Joby Warrick’s Biomass Fallacies

A recent story on biomass in The Washington Post ("How Europe’s climate policies have led to more trees being cut down in the U.S.," By Joby Warrick, 06/02/15) continues a pattern of major publications uncritically reporting distortions of the carbon cycle and responsible forestry that don’t stand up to basic scrutiny.

Sadly, the story gives space to the basic fallacy behind much faulty reporting on the subject: that it generally takes decades to replace the carbon capturing capacity of biomass material.

In reality, these scientists say, Europe’s appetite for wood pellets could lead to more carbon pollution for decades to come. . . .

“You release a lot of carbon in a short period of time, and it takes decades to pull that carbon back out of the atmosphere.”

In the distorted reality implied here, American foresters cut down everything all at once, and sit back for generations waiting for regrowth. In the real world, responsible foresters plant trees constantly and consistently. That’s why the U.S. grows twice as much wood as it harvests, and why tree volume has grown 50 percent in the last 60 years.

When forestry is done responsibly- the way we’re doing it now - the result is a sustainable, carbon-neutral equilibrium. That’s because we are tapping into the natural carbon cycle. Remember, carbon is held in trees or wood products and eventually gets released by combustion or by biodegrading, whether or not it is actually used to produce energy. The best way to capture this ongoing carbon balance is to use actual measures of forest inventories over appropriate periods of time, rather than the convoluted and hypothetical preferred by some activists and relied upon in dubious studies.

Unfortunately, today’s article is just one of numerous examples of the media getting it wrong. Here are just a few recent examples of the same faulty logic at play:

  • Al Jazeera [I]n the years it takes to grow the trees back, a harvested forest isn’t sequestering nearly as much carbon as it would were trees not cut down.
  • Forbes Newly planted trees, meanwhile, can’t absorb that carbon at the same rate as older trees.    
  • New York Times The argument for aggressive deployment of bioenergy assumes that it is carbon-neutral because plants pull CO2 back from the air when they grow, offsetting the carbon emitted from burning them as fuel. But diverting a cornfield or a forest to produce energy requires not using it to make food or, just as important, to store carbon.
  • The Telegraph But it is not that simple, because it takes decades of growth before the newcomers can absorb all the greenhouse gas given off in the combustion of a mature tree.
  • Washington Post Giving biomass too much credit would encourage a lot of wood burning. This is counterproductive, since live trees pull carbon dioxide out of the atmosphere.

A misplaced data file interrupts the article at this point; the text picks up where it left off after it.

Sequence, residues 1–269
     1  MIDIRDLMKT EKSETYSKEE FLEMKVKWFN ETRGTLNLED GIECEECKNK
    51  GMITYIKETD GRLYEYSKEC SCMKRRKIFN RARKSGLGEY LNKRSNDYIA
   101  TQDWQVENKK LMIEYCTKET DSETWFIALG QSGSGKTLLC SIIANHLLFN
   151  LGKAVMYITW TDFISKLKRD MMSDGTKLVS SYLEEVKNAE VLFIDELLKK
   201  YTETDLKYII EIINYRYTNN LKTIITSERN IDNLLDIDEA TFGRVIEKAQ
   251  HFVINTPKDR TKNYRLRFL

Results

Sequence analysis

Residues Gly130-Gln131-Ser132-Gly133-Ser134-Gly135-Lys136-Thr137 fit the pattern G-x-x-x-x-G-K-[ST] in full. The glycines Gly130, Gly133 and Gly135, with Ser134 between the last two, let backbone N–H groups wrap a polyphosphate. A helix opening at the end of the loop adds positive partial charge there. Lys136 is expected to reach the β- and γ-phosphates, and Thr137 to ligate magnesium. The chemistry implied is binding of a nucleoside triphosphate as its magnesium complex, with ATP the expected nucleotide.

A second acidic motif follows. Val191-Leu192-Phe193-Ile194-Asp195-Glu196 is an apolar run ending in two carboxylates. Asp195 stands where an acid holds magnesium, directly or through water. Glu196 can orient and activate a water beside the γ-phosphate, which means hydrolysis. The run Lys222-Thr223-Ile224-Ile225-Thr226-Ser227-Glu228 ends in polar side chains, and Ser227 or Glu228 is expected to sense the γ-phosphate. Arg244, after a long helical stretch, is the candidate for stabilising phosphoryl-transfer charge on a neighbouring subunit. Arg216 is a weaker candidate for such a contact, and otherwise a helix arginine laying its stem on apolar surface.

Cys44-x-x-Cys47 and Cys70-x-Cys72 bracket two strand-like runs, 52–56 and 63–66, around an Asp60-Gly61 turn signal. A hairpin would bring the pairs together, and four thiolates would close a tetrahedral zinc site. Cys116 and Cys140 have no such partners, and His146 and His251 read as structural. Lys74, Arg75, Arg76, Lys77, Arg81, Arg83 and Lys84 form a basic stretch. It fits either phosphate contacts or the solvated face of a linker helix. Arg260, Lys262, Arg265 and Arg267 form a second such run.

What accounts for this persistent misconception? Take a look at what the ideological activists are saying about biomass and ask yourself if there is any difference between their talking points and the “straight news.”

  • Environmental Justice Network Studies show that it takes at least 40 years for trees to absorb the extra pulse of CO2, making biomass only as bad as coal power plants -- and hundreds of years to become "carbon neutral.”
  •  Environmental Paper Network [I]nterrupting forest growth. . . and incinerating much of it for the large amount of energy required to power pulp and paper mills, results in a carbon debt. . . 
  • NRDC Burning whole trees and some larger woody debris for energy actually increases carbon pollution for decades. 
  • Partnership for Policy Integrity Only after many decades might regrowing forests recapture enough carbon to make burning wood better than these fossil fuels. 

Time and again these distortions are presented as fact because journalists treat activists as objective observers, even as they subject other perspectives to greater scrutiny.

To return to the latest story in the Post, for example, agenda-driven groups are described as “independent” and “nonprofit,” with no mention of their policy agendas or investigation of their motives, while science running counter to their claims is either held to a higher standard or ignored altogether. To cite just one example, the piece gives credence to an open letter to the EPA written by biomass skeptics, but makes no mention at all of the 100 forest science experts who weighed the best peer-reviewed science and affirmed the carbon benefits of biomass.

Responsible coverage of these issues should apply the same rules of journalism to all sides. Journalists are duty-bound to report the news, applying the same standard of scrutiny to all sides, no matter the perspective - especially when the assertions are hotly disputed. When they fail to do so, it’s evangelism and not journalism.